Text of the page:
somat 3 months ago Right, a simple sanity check on the rects would have shown my mistake.
 I could see this being useful for graphical layout.
 I have a completely absurd way to use python to approximate the integer solution. Right answer achieved via hopes and prayers:`````` from PIL import Image from math import ceil given=3 def is_orange(p): return 200 <= p[0] <= 255 and 100 <= p[1] <= 170 and 0 <= p[2] <= 50 img = Image.open("p9-problem.png") w, h = img.size o = (sum(is_orange(img.getpixel((w // 2, y))) for y in range(h))) T = (sum(p[:3] != (p[0], p[0], p[0]) for p in (img.getpixel((w // 2, i)) for i in range(h)))) L = ceil((T/o)*given) print(L**2) `````` Think about how many ways this could be tricked.... :)
 For one it is making the rather large assumption that the image is to dimension.
 Yes, and it doesn't seem to be (there is no way the side is 12 if that given is 3, looks more like ~9).So yeah... complete luck was had here.
 It looks deliberately not to dimension. In the process of getting to the answer I figured out that the width of the yellow rectangle is actually twice the width of the green and pink rectangles. It's a fakeout because it is correct that the green and pink rectangles have the same height.
 For the posed question you could assume that each rectangle has area 1, so the square has area 5. From there its pretty easy to find the lengths of relevant sides, which can then tell you how much you need to scale by.Of course for more complicated layouts this method won't work as well, but at least for this simple one this method seems easier.
 Off topic but does anyone know if there is anywhere to learn about using formal methods to check board game rules? I've played a few games like Wherewolf (not the one-night variant) where I am intuitively sure at a certain number of players with certain rules the game is solved but would love to double check.
 I'm not familiar with that game, but depending on what the goal is, I think you have three options:- if you want to check that a complex system of rules has a solution, then you can translate that into a SAT problem and run a SAT solver (https://codingnest.com/modern-sat-solvers-fast-neat-underuse...)- if the problem is small enough, you could run an exhaustive search of options - in that case it really doesn't matter how you encode the rules, it could be any function returning a bool- if you're trying to prove some invariant about the game, look at languages like Coq - they should help you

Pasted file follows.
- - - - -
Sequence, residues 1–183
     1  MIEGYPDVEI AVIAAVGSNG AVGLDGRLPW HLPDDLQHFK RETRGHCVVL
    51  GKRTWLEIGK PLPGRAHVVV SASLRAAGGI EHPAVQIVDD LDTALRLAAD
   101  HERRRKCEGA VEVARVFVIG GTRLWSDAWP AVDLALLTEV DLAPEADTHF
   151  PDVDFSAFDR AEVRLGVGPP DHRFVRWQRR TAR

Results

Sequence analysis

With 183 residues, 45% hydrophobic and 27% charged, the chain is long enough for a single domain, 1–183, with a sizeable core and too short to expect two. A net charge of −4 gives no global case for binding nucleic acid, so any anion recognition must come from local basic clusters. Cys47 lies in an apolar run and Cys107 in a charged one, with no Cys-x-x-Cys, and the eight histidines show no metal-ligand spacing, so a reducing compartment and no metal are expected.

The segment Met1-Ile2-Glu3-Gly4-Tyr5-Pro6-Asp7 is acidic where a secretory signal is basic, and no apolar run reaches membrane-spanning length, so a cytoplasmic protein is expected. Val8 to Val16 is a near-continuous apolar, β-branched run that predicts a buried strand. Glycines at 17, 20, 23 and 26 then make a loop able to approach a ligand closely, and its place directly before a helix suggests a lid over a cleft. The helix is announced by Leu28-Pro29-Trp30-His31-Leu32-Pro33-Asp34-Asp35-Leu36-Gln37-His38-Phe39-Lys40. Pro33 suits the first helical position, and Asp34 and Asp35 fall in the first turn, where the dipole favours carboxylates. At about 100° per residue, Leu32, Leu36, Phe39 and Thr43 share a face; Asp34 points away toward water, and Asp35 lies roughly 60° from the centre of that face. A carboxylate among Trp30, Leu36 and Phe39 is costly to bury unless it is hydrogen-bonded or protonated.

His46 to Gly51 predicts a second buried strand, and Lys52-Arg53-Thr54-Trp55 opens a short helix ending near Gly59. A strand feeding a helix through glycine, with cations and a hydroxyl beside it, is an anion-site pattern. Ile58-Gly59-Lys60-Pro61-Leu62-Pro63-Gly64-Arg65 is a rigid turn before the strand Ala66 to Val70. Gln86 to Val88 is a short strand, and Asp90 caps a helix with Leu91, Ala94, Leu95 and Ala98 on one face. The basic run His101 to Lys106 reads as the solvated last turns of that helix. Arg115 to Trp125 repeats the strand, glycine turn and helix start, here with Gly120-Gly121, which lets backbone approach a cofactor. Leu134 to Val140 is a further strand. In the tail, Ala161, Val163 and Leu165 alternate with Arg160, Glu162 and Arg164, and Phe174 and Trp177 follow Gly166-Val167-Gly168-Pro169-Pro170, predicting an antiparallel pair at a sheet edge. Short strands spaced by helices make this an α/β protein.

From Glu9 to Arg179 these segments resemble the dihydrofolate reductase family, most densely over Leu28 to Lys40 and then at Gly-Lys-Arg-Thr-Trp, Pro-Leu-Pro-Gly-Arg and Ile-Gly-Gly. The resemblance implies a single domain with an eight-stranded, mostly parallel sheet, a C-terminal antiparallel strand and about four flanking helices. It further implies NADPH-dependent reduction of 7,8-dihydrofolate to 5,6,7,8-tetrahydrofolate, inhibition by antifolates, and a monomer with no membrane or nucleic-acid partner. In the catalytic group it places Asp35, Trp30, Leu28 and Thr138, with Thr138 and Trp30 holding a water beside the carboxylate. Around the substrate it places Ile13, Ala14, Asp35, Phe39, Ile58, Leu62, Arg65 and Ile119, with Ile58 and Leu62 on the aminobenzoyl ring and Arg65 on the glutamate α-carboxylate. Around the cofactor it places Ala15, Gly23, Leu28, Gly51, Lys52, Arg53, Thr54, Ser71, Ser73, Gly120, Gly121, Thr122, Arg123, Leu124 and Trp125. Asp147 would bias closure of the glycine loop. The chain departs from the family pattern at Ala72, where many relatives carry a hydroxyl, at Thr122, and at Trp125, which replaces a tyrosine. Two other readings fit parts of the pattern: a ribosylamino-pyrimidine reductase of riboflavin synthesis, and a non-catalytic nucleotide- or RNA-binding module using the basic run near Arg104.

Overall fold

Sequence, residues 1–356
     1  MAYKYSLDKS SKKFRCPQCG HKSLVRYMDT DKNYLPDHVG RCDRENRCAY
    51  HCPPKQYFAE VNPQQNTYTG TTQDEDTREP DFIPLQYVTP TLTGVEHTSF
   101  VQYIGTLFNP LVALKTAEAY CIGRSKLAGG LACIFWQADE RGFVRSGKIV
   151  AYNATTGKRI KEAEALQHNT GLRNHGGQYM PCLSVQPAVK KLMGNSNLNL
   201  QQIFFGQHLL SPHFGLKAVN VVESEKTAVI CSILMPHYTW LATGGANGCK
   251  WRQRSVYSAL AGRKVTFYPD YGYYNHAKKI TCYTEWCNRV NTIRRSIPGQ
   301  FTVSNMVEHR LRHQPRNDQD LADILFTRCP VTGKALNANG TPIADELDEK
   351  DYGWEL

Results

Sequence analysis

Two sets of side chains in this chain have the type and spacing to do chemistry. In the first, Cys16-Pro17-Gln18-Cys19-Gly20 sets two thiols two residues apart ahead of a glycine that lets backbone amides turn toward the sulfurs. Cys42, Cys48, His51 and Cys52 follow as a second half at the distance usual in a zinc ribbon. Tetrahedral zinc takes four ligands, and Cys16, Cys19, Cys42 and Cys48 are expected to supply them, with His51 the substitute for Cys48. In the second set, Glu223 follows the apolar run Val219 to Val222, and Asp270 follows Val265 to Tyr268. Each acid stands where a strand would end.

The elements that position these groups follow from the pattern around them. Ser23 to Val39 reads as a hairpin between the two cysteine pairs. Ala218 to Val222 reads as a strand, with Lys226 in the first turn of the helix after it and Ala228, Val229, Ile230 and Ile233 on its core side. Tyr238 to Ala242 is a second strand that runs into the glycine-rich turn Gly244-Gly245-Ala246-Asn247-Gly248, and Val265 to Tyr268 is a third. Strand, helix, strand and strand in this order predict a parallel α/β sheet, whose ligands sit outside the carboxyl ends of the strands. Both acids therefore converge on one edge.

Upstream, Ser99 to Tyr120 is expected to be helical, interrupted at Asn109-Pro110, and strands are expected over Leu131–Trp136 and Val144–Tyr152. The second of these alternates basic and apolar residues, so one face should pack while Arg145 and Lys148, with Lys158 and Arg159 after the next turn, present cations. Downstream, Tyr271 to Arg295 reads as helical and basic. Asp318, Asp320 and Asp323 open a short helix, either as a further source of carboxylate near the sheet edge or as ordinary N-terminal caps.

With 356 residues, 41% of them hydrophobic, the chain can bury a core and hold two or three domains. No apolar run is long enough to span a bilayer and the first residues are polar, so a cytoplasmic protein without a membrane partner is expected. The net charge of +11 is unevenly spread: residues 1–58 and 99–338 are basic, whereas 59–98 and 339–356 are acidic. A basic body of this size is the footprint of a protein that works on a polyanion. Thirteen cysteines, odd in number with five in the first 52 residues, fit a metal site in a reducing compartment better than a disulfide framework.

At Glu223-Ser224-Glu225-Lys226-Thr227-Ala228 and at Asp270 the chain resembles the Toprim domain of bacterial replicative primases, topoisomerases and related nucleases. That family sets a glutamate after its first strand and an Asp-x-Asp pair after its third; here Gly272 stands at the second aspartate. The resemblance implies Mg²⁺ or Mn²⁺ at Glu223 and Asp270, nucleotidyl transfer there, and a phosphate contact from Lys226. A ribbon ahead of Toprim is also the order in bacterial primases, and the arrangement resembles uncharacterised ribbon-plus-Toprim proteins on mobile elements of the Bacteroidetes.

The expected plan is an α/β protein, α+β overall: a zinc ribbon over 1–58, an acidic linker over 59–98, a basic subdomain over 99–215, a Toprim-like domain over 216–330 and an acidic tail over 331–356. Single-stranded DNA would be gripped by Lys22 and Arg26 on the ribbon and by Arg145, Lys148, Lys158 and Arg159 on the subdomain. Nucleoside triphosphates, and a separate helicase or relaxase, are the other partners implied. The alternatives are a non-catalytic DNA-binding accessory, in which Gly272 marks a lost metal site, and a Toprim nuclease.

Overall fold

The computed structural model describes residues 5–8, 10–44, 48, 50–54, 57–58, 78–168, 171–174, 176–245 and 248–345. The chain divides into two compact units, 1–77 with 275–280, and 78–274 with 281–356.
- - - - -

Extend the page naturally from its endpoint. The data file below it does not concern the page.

Thank you! I’ll look at this later :)Fwiw, it’s a social deduction game where each role gains info or has an ability and each night they vote to kill someone and the wherewolfs kill someone. The game ends when the wherewolfs are dead or when they equal the number of villagers left alive. I’m pretty sure at a certain number of players regardless of roles if the villagers act in a certain way they win regardless of input from the wherewolves.
 If the longer side of yellow = y, and the longer side of the orange = o,// yellow+pink+green area = 3 x orange)y * o = 3 (3 * o)y = 9Side of square = 9+3 = 12. So area is 144.
 I was playing around with the code snippet, and I discovered you can replace line 22:`````` e = P[i]-P[j] `````` with`````` e = P[j]-P[i] `````` That is, you can simply change the order of comparisons of areas, and suddenly the script stops working… This shows how unreliable sympy really is; you can write an article how it solves a mathematical problem, but you could similarly write an article on how ChatGPT solves a problem (because for a given prompt it does solve it, but for a slightly changed prompt it fails miserably; of course assuming 0 temperature, otherwise the prompt is not reproducible…). Unfortunately, I also have similar experience with AI Feynman…
 reported the bug here https://github.com/sympy/sympy/issues/25507
 joel135 3 months ago you can use gröbner bases for greater reliability :)
 Golly I wish there were more comments in that code. 2 letter variable names and self documenting code are mutually exclusive. With some difficulty I was able to understand what it was doing, but even just a few comments would have really helped.
 It's ok, they then tranformed it into super readable math notation. :/
 Is there a labelled version of the diagram with the points o,y,p,b,g shown?That would have made the code more obvious to read I think?EDIT: Just realized these labels are probably meant to represent areas of the colored shapes ... orange, yellow, pink, blue and green?
 Yes, plus I believe P represents the set of equivalent areas and U represents the set of equivalent lengths.
 Simple guess assuming that the answer is an integer: We have 5 copies of equal area with area = 3w, where w is the width of the first box. That means the whole square has area 15w. If the answer is an integer then it means 15w is a perfect square, which requires w = 15u^2 for some integer u. Guessing u = 1, the answer may be 15^2 = 225.
 The total area 15w is a perfect square, but w doesn't need to be an integer (and it isn't).

Search: